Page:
Who knew that yuca root could be so versatile? I’ve adapted my AIP yuca flatbread recipe and made mouth watering AIP rosemary yuca crackers for you to try. These are super delish!
This is my second attempt at coming up with a recipe for rosemary yuca crackers.
The first crackers were puffed up, a lovely light brown and looked adorable. Photo below of the cutest miniature pitas ever … stuffed with tuna or chicken … yum. They tasted amazing right out of the oven but …. the next day you might break a tooth trying to eat them. Arghhh.
Back to the drawing board. This time I added cassava flour so no puffed up, proud as punch pitas, instead they are flat and maybe slightly boring (?) but oh so crunchy and tasty. Try avocado slices with a drizzle of my easy anchovy salad dressing on top of these little gems. I would like to tell you that I tried them this way but someone else ate them all up before I had a chance … read spouse, husband, food machine.
These take a bit of time but are so worth it.
- peel and chop the yuca root
- soak in water for 24 hours, then drain
- cover with water and cook until soft
- drain and transfer to a food processor
- add oil and spices
- process until mixed
- add cassava flour and mix again
- roll small pieces of dough into balls
- roll again in cassava flour
- press flat and bake
Save time when making rosemary yuca crackers:
- peel and soak a largish quantity of yuca roots, cook until soft then drain and measure out in quantities of 3 and 4 firmly packed cups of cooked and mashed yuca. Throw each lot into a freezer bag and then you have the cooked root ready to go so that you too can make these wonderful rosemary yuca crackers or my oven baked yuca flatbread anytime you like.
Note: a soon as these crackers are cool they should be stored in a bag in the freezer so as to retain their crunchiness. They will thaw out in no time.
A warning: I always soak the yuca chunks in water for 24 hours to eliminate most of the cyanide like substances found in yuca (also found in apples). Baking will remove the rest of these compounds.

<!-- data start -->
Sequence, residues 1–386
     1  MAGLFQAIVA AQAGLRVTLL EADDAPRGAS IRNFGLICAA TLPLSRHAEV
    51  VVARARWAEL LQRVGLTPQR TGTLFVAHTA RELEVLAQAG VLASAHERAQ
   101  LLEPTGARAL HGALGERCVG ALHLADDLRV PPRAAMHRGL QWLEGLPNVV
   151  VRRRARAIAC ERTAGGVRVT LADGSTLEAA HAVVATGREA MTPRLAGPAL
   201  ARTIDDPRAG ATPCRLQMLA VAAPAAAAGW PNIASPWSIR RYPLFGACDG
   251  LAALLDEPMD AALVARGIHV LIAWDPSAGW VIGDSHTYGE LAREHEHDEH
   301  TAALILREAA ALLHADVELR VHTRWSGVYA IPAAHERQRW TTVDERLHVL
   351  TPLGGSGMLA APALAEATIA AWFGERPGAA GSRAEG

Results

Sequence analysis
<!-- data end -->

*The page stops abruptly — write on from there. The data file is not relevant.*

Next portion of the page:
These super delicious.crunchy crackers are made from cooked yuca root and cassava flour and are flavored with rosemary, onion and garlic. Amazingly yummy!
30 minPrep Time
30 minCook Time
1 hrTotal Time
One medium large yuca root to give 3 cups firmly packed cooked and mashed yuca
1 tablespoon garlic powder
1 tablespoon onion powder
1 tablespoon fresh rosemary (minced)
1 teaspoon salt (Himalayan sea salt if possible)
1/3 cup nutritional yeast
1/3 cup olive oil
1 cup cassava flour
Peel and chop a medium to large yuca root.
Cover with water and soak overnight, draining and replacing the water once or twice.
Cover the pre-soaked chunks of yuca with water, add salt and bring to a boil.
Turn the heat down to a simmer and cook until fork tender (15 minutes or so).
Add cooked, mashed yuca to a food processor.
Add spices, salt and nutritional yeast and process until combined.
Add olive oil and process until incorporated.
Add 1/4 cup cassava flour at a time, processing after each addition, until you have a soft dough.
Preheat oven to 350 degrees F.
Lightly oil a cookie sheet.
Roll small pieces of dough into balls about 3/4 to one inch across.
Roll in cassava flour and place each ball on a cookie sheet with enough space between so that you can flatten them.
Bake for 25 to 30 minutes until they look toasted and the middle is cooked through.
1. prepare yuca ahead of time and store pre-measured in the freezer.
2. prep time doesn't include peeling, soaking, cooking and mashing the root.
3. the dough does need to be soft, not sticky and just holding its shape.
4. press the rolled balls with a flat bottomed implement; place a piece of parchment paper between the dough and whatever you use to press them.
5. Important! As soon as these crackers are cool, pop them into a bag and stick them in the freezer. They will thaw in no time and retain their crunchiness.
See this recipe on Phoenix Helix Roundtable #123